In my previous article I asked leaders in architecture, fashion and industrial design how they measured "Great Design." They offered "democracy," "soul" and "how something works, not how it looks" as highly individualized examples.
Buildings, clothing and products all trigger the public's awareness of design. But how about the automobiles we drive?
Some people take better care of their cars than their own bodies. One reason for this may be because cars are expensive. Next to purchasing a house, nothing impacts your wallet harder. A car's design not only is key in the purchase decision but also becomes a symbol of personal identity and prime example of "co-branding" the driver and their "wheels."
Not being an expert on the topic, I asked a master automobile designer how he measures great design.
Freeman Thomas, who's "been designing his dream car all his life" is the Director of Strategic Design for the Ford Motor Company. He's responsible for advanced global design and built a stellar list of credentials at companies such as Porsche, Audi and Chrysler. The New York Times columnist Phil Patton comments, "Freeman Thomas, may have created more fundamentally innovative designs than any car designer of our era." Thomas' body of work includes everything from forklifts to minivans to sports cars. While at Volkswagen he, along with designer J Mays, re-imagined the classic VW Beetle in the mid-nineties.
When measuring great design, Thomas succinctly summarizes his criteria: "I look at purpose, simplicity, emotion and honesty to define great design." When applying these standards to a vehicle, he speaks about the "soul and philosophy" of a car that goes beyond seeing it as an "appliance," but as something that fosters emotions like "being smitten" or "falling in love."
Although Thomas' expertise is all about putting design in motion, he ironically cites two architectural icons that inspire his work.
Frank Lloyd Wright's Fallingwater, a favorite in design circles, appeals to Thomas for the home's "inside out " approach. Completed in 1935, Fallingwater captures and cultivates emotion through the way a visitor navigates the space, lending to a moving experience from the interior to the exterior. Thomas recalls, "On my first trip to Fallingwater, I was struck by the way it sat on the rocks, cantilevered over the waterfall," he elaborates, "I just wanted to be there. To me that's complete design, it's holistic."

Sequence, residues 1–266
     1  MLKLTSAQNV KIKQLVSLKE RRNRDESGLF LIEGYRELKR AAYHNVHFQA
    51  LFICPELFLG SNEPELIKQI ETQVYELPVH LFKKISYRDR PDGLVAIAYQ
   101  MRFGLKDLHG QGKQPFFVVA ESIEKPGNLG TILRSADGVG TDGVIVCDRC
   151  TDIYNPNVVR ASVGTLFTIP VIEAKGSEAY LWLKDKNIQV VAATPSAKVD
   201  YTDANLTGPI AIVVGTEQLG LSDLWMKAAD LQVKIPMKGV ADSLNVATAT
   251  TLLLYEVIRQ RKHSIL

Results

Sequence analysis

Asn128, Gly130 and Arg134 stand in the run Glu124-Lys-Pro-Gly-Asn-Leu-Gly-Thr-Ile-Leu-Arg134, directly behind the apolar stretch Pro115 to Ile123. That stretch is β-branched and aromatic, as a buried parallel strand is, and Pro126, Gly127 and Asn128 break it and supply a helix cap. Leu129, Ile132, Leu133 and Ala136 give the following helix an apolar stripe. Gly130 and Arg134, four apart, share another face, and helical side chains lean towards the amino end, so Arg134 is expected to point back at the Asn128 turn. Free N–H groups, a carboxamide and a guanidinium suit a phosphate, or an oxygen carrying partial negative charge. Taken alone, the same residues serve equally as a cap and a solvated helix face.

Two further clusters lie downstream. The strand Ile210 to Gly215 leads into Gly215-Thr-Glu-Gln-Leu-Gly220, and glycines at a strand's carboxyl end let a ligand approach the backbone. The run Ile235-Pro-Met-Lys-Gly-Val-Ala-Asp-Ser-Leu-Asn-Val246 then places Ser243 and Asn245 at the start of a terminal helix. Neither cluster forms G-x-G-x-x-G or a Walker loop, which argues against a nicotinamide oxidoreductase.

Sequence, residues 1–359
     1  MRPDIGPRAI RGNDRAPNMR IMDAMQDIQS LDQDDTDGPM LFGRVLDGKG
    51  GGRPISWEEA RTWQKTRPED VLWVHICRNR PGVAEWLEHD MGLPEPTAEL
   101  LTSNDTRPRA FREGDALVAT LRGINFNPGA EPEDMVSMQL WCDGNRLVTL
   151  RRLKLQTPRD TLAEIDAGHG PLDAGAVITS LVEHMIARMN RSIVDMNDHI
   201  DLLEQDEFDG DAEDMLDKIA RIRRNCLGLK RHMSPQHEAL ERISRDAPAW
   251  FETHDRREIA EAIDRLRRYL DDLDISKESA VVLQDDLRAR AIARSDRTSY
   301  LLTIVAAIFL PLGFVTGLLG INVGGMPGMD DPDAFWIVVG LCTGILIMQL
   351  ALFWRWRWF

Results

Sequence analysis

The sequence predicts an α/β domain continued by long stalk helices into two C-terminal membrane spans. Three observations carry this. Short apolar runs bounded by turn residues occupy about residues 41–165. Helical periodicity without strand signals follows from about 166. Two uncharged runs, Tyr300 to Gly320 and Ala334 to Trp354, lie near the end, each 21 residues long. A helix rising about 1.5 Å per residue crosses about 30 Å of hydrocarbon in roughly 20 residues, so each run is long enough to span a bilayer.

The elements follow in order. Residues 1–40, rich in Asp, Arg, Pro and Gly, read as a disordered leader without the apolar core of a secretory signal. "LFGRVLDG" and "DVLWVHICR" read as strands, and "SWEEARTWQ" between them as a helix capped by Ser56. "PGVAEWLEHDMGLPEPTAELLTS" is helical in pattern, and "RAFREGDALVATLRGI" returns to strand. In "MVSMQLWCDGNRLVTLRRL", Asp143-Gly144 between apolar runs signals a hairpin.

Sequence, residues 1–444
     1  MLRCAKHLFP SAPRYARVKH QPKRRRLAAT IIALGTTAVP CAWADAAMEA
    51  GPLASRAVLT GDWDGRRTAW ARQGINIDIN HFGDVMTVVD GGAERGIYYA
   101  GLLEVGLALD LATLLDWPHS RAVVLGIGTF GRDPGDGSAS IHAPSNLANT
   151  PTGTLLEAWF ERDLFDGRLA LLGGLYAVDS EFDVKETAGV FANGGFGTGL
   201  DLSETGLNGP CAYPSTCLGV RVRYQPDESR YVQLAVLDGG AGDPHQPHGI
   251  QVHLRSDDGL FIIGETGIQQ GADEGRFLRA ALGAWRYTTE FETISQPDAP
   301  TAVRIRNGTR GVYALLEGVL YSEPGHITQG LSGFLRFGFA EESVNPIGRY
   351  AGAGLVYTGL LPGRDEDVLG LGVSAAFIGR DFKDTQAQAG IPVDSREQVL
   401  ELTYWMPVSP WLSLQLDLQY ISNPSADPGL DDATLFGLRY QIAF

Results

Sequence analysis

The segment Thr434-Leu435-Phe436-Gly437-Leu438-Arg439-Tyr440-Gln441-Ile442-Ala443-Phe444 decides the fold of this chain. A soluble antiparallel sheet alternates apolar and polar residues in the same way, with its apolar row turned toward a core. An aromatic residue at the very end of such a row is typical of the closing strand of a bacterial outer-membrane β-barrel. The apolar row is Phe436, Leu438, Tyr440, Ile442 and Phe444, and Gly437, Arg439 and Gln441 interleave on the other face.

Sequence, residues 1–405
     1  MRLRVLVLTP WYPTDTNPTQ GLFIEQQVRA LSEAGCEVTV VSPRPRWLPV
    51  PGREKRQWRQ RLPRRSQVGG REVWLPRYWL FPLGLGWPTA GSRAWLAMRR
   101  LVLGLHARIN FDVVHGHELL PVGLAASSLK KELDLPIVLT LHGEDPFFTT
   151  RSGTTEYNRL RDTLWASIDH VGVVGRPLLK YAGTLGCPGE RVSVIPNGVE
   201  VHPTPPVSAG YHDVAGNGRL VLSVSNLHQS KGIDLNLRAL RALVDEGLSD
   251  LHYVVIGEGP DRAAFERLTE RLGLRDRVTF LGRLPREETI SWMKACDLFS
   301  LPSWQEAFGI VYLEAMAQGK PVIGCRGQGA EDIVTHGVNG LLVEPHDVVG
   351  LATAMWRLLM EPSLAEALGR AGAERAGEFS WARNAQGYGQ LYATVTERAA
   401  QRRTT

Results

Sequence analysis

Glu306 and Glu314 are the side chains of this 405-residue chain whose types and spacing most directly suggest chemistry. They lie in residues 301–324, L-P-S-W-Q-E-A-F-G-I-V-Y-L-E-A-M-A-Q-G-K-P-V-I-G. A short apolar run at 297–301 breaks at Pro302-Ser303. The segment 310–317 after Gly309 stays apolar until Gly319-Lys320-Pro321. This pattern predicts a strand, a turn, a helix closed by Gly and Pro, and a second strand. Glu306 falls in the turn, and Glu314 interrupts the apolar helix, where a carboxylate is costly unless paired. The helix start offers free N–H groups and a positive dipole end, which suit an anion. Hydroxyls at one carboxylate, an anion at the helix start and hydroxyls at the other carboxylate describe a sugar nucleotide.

Built for William Kaufman, a wealthy businessman, Fallingwater is a stark contrast to the Stahl House in Los Angeles. Designed by Pierre Koenig in 1959, the structure originated as an affordable housing experiment, a case study that married humble materials with progressive design. Freeman Thomas admires the "frugality" and low-cost construction methods of the Stahl House. "It's like two shipping containers with exterior walls of glass facing outward on a spectacular site overlooking LA."
This integration of sophisticated design and low-cost materials represented in the Stahl House is also reflected in the approach to the newly designed Ford Fusion. This aggressively stylish automobile employs "the very best designers and processes, applying them to something affordable." He sees the concept of "affordable aspiration" as distinctly American, but uses an Italian food analogy to clarify his point. He believes in the hands of the right chef with the right ingredients, ordinary pasta becomes a memorable meal. "I think that's what design is, paying attention to the ingredients." For the Ford Fusion and the Stahl House alike, Thomas notes the "ingredients" aren't at all exotic but someone "took the time to make something special."
But how does Freeman Thomas employ his philosophy of great design? Which example of his own work best embodies his thinking?
In 1995 Thomas designed the breakthrough Audi TT sports car. Surprisingly, it was built on a Volkswagen Golf platform and introduced at a time of ambiguity for Audi's brand. Freeman says the "TT provided a narrative for the brand, capturing whimsy and charisma." The design featured a fresh "aerodynamic silhouette" and reflected the clean lines and forms of the Bauhaus movement, the brilliant engineering of Erwin Komenda at Porsche and the Audi Quattro performance. The TT quickly became a 'halo' for the Audi brand as Thomas recalls.
Today, his responsibilities at Ford focus him clearly on the horizon. Thomas and his team created the Ford Start concept car which he say's reflects a "pure idea." With body panels made of recycled composites, sloping and curving surfaces to minimize drag and compact weight reducing construction, it's designed to make everything have a purpose and function while exuding emotion and sense of reward. "Communicating reward is very important no matter what size the vehicle" says Thomas, "You don't have to reward yourself with a Rolls Royce."
Looking back in time, we see automobiles that capture a particular cultural moment or social expectations. With the legacy of the Model T, the '32 Ford Classic Hot Rod, GT 40, Thunderbird and the wildly popular Mustang, Ford shaped the American car culture in the 20th Century. Today, Freeman Thomas' strategic design direction and his collaborations with Chief Creative Officer J Mays at Ford keeps a sharp eye on 'next.'
Freeman Thomas is relentless and exacting when it comes to his work. "I'll fight for a millimeter of a line just to get the right tension." In the end the consumer may not immediately see every slavish detail but they feel it every time someone says "Hey, nice car!" That's one measurement of great design we can all appreciate.
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